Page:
Take the 2-minute tour ×
Stack Overflow is a question and answer site for professional and enthusiast programmers. It's 100% free, no registration required.

In a typical relation one to many, when I delete like:

var orderEntity = context.Orders.Single(o => o.orderID == entityID);
var baddetail = orderEntity.OrderDetails
                           .Single(od => od.orderDetailID == badOrderDetailID);
orderEntity.OrderDetails.Remove(baddetail);

I obtain the error:

The operation failed: The relationship could not be changed because one 
or more of the foreign-key properties is non-nullable. When a change is made 
to a relationship, the related foreign-key property is set to a null value. 
If the foreign-key does not support null values, a new relationship must 
be defined, the foreign-key property must be assigned another non-null value, 
or the unrelated object must be deleted.

As a solution was proposed to extend the DBContext.SaveChanges()

public override int SaveChanges()
    {

        foreach (OrderDetails od in this.OrderDetails.ToList())
        {
            // Remove OrderDetails without Order.
            if (od.Order == null)
            {
                this.OrderDetail.Remove(od);
            }
        }

        return base.SaveChanges();
    }

But is checking for OrderDetails with null Orders, when orderID is not nullable seem`s odd. How is the proper way of doing this ?

EDIT: As an example this odd deleting is happening when you expose through binding your Order.OrderDetails to and DataGrid.

share|improve this question
    
What kind of datagrid? Is this ASP.NET or WPF or WinForms...? The solution is in the proper usage of the grid (handling delete events for example), so that you can call Remove as explained in the answers. The overridden SaveChanges solution in your question is horrible. –  Slauma Apr 29 '12 at 22:26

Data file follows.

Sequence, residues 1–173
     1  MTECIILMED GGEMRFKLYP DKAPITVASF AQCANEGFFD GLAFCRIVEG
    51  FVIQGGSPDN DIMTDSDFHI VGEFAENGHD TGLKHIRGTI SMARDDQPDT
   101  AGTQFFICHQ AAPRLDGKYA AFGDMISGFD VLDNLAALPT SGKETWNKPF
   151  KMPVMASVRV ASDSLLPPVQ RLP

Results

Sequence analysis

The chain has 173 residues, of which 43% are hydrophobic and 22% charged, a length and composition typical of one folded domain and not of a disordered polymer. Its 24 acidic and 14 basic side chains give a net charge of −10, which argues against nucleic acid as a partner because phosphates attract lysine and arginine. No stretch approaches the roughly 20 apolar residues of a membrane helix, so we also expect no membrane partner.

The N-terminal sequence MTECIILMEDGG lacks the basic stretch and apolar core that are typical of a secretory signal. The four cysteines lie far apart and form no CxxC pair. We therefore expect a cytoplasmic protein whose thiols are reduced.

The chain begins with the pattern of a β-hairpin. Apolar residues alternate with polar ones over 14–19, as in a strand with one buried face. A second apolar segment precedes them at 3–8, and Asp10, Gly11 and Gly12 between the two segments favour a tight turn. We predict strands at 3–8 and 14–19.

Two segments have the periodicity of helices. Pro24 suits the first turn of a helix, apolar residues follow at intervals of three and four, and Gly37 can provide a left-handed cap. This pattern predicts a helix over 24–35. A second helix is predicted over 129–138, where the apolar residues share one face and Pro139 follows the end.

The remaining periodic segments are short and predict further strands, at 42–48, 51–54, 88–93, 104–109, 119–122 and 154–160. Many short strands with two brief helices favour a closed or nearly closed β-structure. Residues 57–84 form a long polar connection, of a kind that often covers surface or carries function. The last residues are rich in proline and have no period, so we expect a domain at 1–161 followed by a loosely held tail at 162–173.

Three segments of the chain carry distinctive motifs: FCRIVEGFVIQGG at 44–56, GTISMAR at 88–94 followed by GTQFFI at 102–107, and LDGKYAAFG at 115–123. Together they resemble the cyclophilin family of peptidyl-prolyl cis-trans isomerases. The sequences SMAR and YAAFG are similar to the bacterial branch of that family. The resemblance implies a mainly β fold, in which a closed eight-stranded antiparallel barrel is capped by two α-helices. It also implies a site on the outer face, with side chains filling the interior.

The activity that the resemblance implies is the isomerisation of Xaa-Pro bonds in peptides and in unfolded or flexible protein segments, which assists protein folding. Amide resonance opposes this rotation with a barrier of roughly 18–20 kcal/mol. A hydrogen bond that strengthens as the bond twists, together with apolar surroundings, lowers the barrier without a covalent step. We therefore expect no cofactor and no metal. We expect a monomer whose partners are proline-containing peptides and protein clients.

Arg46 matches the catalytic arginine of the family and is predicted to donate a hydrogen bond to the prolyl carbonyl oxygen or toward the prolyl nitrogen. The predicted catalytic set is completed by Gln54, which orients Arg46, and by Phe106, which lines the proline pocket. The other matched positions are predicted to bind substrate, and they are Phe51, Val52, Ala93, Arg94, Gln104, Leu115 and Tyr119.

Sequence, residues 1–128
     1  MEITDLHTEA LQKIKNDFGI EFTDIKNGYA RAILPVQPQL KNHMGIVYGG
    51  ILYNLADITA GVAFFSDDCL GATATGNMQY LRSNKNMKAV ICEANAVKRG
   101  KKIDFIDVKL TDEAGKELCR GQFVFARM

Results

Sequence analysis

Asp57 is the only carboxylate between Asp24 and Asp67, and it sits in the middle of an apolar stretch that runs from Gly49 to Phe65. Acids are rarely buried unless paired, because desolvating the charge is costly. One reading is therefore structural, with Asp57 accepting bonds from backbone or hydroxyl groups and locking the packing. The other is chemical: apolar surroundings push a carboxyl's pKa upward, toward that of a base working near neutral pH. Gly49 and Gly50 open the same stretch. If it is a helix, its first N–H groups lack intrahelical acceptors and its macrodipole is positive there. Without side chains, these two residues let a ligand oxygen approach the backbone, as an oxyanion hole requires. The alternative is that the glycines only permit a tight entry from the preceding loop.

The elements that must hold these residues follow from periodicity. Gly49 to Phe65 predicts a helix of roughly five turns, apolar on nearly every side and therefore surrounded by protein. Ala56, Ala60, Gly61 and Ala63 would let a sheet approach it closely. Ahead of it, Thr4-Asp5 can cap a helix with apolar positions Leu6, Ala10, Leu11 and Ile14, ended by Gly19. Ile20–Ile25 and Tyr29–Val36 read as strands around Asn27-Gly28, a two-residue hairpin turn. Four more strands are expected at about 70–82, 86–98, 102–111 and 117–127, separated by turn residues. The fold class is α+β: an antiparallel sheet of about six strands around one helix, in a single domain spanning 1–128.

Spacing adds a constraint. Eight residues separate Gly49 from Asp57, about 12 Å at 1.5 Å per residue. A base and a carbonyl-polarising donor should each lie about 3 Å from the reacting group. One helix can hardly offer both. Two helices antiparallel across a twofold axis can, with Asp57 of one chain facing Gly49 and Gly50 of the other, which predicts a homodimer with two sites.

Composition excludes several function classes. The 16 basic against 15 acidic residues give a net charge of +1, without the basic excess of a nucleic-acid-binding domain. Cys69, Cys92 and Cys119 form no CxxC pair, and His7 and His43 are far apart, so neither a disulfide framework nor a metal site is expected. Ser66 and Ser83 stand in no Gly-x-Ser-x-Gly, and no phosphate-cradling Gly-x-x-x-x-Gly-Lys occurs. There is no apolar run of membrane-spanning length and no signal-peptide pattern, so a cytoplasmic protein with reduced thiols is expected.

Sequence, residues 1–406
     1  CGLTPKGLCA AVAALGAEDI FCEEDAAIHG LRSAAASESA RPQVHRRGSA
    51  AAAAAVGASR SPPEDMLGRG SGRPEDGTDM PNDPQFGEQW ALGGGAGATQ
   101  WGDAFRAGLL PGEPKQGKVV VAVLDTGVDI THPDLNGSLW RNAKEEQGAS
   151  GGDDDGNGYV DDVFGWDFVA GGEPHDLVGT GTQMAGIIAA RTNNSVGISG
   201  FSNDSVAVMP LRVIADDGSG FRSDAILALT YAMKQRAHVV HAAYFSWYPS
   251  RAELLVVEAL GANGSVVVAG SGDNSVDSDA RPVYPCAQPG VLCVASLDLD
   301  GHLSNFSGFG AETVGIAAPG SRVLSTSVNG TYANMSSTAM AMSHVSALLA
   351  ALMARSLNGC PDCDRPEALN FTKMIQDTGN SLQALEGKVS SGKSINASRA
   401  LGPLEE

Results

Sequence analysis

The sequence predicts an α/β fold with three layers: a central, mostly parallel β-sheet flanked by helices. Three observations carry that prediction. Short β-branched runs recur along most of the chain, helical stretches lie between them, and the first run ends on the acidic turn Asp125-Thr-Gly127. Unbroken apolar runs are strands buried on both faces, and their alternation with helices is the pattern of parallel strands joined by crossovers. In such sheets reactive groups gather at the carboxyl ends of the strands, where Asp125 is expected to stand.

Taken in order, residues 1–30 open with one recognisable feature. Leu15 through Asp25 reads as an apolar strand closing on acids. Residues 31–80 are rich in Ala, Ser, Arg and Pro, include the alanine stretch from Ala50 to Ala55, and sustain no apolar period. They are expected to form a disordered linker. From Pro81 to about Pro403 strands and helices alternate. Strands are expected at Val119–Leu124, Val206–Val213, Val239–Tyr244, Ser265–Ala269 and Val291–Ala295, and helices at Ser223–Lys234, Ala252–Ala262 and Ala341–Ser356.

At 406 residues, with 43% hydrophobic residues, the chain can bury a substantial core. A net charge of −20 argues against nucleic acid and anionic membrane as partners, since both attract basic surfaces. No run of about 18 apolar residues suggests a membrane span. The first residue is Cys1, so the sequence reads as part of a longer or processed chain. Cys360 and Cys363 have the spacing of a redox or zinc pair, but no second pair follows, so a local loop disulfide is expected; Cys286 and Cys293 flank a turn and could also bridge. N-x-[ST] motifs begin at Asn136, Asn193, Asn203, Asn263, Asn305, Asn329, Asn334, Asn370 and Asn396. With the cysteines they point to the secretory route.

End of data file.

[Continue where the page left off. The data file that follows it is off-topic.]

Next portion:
Well, that solution was in msdn tutorial - Using Local to clean up entities in SaveChanges. With WPF DataGrid, in my case, hooking is easy but it comes with extending the Order[Service/Repository] with some method like DeleteOrderDetail(Order parent, OrderDetail children). I was asking myself if this behavior can be implemented at ModelCreation. –  Ciobanu Ion Apr 29 '12 at 22:45

2 Answers 2

up vote 2 down vote accepted

You can just do this way:

var orderEntity = context.Orders.Single(o => o.orderID == entityID);
var baddetail = orderEntity.OrderDetails.Single(od => od.orderDetailID == badOrderDetailID);
context.OrderDetails.Remove(baddetail);

Because in your example you are not deleting entity. You are deleting relationship. So it tries to set null to your FK column and, of it is not nullable you will get and exception.

share|improve this answer
    
Sorry, my explanation might have been misleading. See my edit to understand why orderEntity.OrderDetails.Remove(baddetail); can't be substituted with context.OrderDetails.Remove(baddetail); –  Ciobanu Ion Apr 29 '12 at 22:06
    
Well if there is no other solution than this, I`m marking this as an answer. –  Ciobanu Ion Apr 30 '12 at 8:44
1  
When you work with EF you have relationship as a separate 'object'. So you can remove relationship between 2 objects without removing those acttual objects. When you work via orderEntity.OrderDetails.Remove(baddetail); you are deleting relationship, not actual object. So to delete object you must call remove on objects DbSet explictly. Ant it will remove object and relationship. –  Alexey Anufriyev Apr 30 '12 at 10:16

You are removing the OrderDetail from the Order's objects collection of OrderDetails. This is simply setting the OrderDetail's ID effectively to null and not marking it for deletion. This is not allowed as the FK from the OrderDetail to the Order table in the database is not nullable.

You should be doing

var orderEntity = context.Orders.Single(o => o.orderID == entityID);
var baddetail = orderEntity.OrderDetails
                       .Single(od => od.orderDetailID == badOrderDetailID);

context.OrderDetails.Remove(baddetail);
share|improve this answer

Your Answer

 
discard

By posting your answer, you agree to the privacy policy and terms of service.

Not the answer you're looking for? Browse other questions tagged or ask your own question.